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Terry Mattingly’s latest column relates to the Georgetown and evangelical groups question – with some new info.

Ministry leaders from off-campus have, in recent years, been required to sign a covenant written by mainline Protestants in the official Georgetown campus-ministry office. In one clause, they pledged to "maintain respect for the various religious traditions" on campus, while avoiding actions that could be interpreted as "denigrating or ridiculing" others. Ministers were asked to help students of all faith traditions, yet the covenant specifically prohibited "proselytizing" among those who might be "vulnerable in their faith or personal lives." Another clause stressed: "I affirm the legitimacy of Roman Catholicism as a path to salvation."

There are some tensions between religious groups at Georgetown, especially in an era in which Muslim students and donors have played a big role in the growth of new programs and facilities. However, the strongest tensions on campus are caused by moral and cultural issues, not over-zealous Protestant evangelists, said Manuel Miranda, a conservative Catholic activist and Georgetown alum.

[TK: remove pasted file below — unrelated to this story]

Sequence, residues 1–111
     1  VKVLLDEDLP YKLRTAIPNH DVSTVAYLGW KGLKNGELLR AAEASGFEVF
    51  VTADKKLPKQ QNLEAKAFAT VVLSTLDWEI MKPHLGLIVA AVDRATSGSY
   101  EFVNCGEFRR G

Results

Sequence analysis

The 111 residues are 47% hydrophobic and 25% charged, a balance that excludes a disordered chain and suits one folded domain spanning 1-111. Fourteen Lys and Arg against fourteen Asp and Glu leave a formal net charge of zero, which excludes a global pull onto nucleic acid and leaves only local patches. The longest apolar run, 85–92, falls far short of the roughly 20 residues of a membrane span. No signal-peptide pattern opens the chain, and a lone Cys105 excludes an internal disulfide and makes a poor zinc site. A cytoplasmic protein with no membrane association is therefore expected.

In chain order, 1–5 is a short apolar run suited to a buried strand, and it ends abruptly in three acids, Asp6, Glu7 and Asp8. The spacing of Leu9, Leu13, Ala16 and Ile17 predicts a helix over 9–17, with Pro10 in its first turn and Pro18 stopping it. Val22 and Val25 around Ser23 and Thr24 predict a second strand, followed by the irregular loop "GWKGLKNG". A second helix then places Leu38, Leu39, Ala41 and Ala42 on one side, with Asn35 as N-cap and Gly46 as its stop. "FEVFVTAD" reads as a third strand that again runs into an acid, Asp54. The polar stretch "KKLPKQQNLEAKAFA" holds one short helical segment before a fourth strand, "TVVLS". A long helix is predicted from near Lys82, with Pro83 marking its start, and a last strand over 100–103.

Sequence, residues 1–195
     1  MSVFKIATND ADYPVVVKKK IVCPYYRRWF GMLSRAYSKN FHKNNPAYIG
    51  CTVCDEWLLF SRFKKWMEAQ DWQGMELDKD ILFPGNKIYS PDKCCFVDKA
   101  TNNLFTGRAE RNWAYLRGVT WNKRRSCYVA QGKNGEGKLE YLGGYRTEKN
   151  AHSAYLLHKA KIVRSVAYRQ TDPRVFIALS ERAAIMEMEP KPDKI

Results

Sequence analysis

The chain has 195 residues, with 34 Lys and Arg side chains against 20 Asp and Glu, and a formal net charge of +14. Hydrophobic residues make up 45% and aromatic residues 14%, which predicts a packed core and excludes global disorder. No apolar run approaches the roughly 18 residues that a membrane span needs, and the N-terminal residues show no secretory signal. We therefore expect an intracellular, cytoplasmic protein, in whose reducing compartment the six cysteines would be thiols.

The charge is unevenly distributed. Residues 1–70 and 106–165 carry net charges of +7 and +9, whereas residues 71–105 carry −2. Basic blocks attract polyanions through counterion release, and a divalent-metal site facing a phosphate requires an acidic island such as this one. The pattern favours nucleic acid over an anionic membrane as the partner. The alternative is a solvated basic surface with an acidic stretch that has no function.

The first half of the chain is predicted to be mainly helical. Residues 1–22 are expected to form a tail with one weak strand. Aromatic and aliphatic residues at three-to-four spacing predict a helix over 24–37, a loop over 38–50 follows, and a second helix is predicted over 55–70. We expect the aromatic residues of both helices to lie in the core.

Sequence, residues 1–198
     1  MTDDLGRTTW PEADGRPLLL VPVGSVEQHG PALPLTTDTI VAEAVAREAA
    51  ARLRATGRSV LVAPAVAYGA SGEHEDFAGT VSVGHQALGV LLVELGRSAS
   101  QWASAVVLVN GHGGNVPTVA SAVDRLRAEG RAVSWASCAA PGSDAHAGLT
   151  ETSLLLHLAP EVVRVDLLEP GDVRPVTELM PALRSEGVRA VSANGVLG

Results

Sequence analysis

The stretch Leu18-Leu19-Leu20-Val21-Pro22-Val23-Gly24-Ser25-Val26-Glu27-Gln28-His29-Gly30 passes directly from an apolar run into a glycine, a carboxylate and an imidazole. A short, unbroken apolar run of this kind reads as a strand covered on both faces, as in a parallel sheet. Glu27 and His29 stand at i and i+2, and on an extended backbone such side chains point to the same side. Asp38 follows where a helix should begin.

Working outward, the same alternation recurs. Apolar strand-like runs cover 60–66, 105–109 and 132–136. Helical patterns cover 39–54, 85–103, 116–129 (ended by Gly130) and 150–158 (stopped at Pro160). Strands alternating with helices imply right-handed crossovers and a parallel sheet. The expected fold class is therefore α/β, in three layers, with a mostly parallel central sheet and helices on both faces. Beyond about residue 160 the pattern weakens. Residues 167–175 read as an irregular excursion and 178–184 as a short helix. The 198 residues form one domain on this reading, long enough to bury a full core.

"There are far more Protestants who convert to Catholicism while at Georgetown than the other say around," he stressed. In his opinion, the key to the ban on independent Protestant ministries is "the fact that all of these groups take very orthodox positions on the crucial social issues, like gay rights and abortion. If anything, they’re more Catholic on these issues than lots of Catholics there."

The bottom line, said French, is that a private school can do what it wants to do as long as it keeps any written promises it has made to students. The Georgetown campus-ministry Web site says, "Welcome," "Shalom" and "Assalamu-Alaikum (Peace be upon you)." The university says it welcomes students of "every religious profession."

"The issue is whether Georgetown is doing a bait-and- switch routine," he said. "The school says it has a come one, come all approach to religion. But when evangelical students get there, they may discover that they don’t have the same rights when it comes to free speech, freedom of association

I’d like to know more on that bolded passage…would you?

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